I like to tinker with my bicycles, and I know I’m not alone. But I don’t always want to cash in the savings and 401K to get the best road bike upgrades for the money.
Let’s look at a few bicycle upgrades that cost about $100 a piece. These are parts that you can install fairly easily — from swapping out brake pads and tires to changing a saddle or pedals.
Help! I can’t stop!
Sometimes a fine adjustment to the brake caliper can be made and that will help — other times not.
Most likely the problem is the stock brake pads, which are usually horrible for stopping.
Brake pads like a pair of Kool Stops are a cheap bike upgrades that will make a world of difference in stopping power.
Salmon Kool Stops are the single best road bike upgrade for the money that you can do. The salmons are good for all around stopping performance — despite the wet weather moniker.
Road bike upgrades for speed: Get skinnier tires!
Quality tires will alter how your bike handles and rides; they can change your bikes personality.
If you want to make your bike aesthetically pleasing, tires are available in many colors.
More importantly, though, you need to find the appropriate tires that fit your style of riding.
A tire size of 23mm is the standard for racing road bikes. This might provide a rough ride for a recreational rider or commuter because of the higher PSI used in the tires. A common technique for those who don’t race is to ride a slightly wider tire — a 25mm or 28mm tire, assuming the extra size will fit in the chain stays.
For the more serious cyclist who’s upgrading tires, he/she will want to find tires that work well for training and racing.
For training, a tire that has good wear and doesn’t flat is important, but this often means an abnormally heavy tire that’s not very supple.
But this isn’t always the case, especially with Serfas Seca tires; however, I would never race them because they don’t roll fast enough.
For racing, a tire needs to roll fast, weigh next to nothing, and be supple and sticky in the corners. The gold standard are Continental or Michelin tires.
I’m a big fan of the Michelin Pro Race series. These roll really fast and stick in the corners really well. For less than one bill, tires are another one of the best road bike upgrades under $100 dollars.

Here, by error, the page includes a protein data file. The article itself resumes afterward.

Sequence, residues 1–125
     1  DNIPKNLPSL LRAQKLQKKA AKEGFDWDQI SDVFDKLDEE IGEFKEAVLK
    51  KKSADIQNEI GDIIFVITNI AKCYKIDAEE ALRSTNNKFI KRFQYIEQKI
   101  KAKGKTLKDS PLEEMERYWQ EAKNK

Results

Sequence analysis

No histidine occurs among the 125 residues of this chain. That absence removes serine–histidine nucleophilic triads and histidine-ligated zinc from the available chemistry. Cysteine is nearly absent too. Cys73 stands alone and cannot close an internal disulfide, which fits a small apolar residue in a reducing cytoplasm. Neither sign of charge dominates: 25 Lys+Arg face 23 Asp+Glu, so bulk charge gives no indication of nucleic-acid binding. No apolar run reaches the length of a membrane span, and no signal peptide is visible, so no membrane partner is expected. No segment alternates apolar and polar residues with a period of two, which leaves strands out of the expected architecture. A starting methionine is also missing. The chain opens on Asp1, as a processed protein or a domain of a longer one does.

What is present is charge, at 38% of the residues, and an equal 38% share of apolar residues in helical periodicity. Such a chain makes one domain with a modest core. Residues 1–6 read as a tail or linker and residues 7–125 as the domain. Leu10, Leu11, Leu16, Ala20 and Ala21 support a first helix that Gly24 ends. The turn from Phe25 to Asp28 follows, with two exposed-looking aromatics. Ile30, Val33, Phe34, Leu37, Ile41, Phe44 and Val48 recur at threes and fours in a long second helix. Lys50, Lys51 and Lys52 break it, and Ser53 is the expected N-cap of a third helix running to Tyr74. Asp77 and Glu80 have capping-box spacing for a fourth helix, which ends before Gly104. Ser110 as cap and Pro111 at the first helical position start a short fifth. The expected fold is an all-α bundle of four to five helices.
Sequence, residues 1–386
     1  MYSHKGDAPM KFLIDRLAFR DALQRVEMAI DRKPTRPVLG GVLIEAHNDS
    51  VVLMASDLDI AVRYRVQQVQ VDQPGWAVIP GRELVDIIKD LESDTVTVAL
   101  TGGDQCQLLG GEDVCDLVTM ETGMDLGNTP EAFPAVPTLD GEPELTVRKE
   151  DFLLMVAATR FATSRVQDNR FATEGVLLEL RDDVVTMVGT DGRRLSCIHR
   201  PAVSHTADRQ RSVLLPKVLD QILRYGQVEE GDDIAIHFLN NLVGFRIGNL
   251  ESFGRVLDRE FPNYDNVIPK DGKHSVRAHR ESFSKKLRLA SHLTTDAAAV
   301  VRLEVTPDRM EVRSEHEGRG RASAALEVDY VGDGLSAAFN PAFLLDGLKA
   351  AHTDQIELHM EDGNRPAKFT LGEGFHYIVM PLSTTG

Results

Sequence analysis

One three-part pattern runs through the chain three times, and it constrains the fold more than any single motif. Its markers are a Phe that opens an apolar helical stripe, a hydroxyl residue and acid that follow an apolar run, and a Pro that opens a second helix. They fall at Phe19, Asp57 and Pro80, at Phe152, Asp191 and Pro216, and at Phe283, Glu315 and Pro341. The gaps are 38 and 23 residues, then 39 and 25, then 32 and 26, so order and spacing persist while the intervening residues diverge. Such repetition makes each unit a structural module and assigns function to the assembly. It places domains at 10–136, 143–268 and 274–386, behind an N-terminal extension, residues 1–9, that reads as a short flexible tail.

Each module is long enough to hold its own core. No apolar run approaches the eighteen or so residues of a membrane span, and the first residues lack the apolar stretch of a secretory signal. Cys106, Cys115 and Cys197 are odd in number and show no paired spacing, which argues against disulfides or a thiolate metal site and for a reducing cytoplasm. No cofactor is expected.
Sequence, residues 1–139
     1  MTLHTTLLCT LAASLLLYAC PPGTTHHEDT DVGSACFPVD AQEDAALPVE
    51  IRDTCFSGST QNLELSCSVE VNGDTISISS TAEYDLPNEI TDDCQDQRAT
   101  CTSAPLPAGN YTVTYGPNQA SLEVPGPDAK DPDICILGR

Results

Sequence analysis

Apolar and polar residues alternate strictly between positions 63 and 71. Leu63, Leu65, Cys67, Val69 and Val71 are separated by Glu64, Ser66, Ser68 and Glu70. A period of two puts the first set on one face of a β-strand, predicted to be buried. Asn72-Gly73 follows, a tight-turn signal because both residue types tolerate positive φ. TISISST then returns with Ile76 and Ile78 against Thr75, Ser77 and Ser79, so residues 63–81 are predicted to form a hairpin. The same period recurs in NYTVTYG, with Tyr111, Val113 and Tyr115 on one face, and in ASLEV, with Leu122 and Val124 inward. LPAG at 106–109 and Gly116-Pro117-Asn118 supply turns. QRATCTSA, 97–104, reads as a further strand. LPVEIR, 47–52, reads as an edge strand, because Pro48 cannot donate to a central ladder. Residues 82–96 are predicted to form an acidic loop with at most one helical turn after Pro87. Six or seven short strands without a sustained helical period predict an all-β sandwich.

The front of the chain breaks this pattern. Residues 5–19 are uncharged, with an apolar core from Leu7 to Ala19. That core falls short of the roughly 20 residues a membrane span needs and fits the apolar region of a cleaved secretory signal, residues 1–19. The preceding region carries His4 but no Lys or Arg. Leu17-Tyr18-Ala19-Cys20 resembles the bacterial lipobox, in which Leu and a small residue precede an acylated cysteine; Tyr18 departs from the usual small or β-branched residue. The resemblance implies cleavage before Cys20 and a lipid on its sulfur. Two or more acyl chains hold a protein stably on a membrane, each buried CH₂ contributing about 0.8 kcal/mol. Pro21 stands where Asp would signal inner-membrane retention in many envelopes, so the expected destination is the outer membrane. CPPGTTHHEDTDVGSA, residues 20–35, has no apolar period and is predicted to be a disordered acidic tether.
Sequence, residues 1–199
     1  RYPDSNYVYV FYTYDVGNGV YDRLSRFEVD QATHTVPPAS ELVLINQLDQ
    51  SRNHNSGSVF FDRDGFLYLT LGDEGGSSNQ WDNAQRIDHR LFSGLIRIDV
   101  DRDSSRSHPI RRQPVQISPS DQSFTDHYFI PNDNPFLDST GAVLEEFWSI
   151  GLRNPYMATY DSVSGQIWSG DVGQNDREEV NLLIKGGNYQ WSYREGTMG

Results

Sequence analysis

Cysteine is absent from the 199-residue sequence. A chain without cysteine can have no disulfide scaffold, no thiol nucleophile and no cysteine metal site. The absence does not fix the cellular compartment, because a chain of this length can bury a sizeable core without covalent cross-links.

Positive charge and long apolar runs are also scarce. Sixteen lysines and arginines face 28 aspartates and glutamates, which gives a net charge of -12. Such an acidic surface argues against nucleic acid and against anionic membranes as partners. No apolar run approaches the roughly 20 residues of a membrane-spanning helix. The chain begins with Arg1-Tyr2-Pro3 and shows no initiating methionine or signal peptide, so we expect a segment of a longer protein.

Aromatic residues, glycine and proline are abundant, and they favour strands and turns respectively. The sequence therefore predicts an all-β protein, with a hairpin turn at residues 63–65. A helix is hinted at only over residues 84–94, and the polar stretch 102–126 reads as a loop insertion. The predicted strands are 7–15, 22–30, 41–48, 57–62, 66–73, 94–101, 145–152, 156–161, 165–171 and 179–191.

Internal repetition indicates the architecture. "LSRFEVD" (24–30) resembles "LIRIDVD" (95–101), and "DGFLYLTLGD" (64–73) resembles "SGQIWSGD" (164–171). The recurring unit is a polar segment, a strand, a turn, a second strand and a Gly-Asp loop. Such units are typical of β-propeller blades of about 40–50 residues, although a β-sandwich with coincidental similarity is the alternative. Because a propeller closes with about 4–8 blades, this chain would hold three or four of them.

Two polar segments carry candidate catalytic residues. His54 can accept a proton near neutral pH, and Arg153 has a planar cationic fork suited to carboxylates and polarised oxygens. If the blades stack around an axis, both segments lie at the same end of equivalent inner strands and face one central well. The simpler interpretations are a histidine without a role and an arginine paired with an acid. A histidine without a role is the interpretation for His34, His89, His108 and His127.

Upgrade your biking wardrobe
For me, cycling-specific clothing is not a “bike upgrade” per say, but can make a drastic improvement in comfort, efficiency and speed.
Quality cycling shorts cost a lot of money. The comfort and fit they provide drastically improves riding.
Whether you use Pearl Izumi, Assos, or Performance Bike shorts, get an 8 panel design and make sure they fit like a glove.
Prescription sunglasses, often overlooked, are a must-have for those who wear regular specs. I rode for years without prescription sunglasses. When I finally experimented with a pair, I found that I was more comfortable after a ride because my eyes were not fatigued.
Also, cold weather clothing can be a good upgrade before chilly weather sets in.
Get comfy with a saddle upgrade
The perfect saddle can be found through trial and error, which can be expensive. I went through a lot of saddles before I found one I liked.
For me, the best saddle is a Selle San Marco Regal. (I have the team edition, which is light and comfortable.)
Many bike shops, however, offer a demo program for saddles.
For instance, a shop allows you a week to ride a particular brand of saddle such as a Fizik, which you put a down payment on. If the saddle fits you and you like it, you buy it. If not, they allow you to return it.
‘Should I upgrade to clipless pedals for my road bike?’
If your bike came with platform pedals, a clipless pedal and shoe outfit will improve efficiency.
The clipless pedals will allow you to pull up with each pedal rotation, which is not possible with platform pedals. You’ll also feel more connected to the bike and realize that this ranks among the best bike upgrades.
Road pedals such as the Shimano SPD-SL line perform well and are easy to get clipped in and out of.
The Shimano Ultegra road bike pedals are some of the best SPD-SL pedals.
I’ve used the 6700 series for years, and I like them.
I think Shimano’s trickle down technology works really well because these pedals are just as good as Dura Ace but at a fraction of the cost.
Why no wheels?
Wheels make an excellent upgrade, but I don’t thing they are the first thing to upgrade on a road bike
Swapping wheels can make a difference — just not as much of a difference as swapping brake pads, tires, saddle, clothing, and pedals.
To me, those are the best road bike upgrades for the money.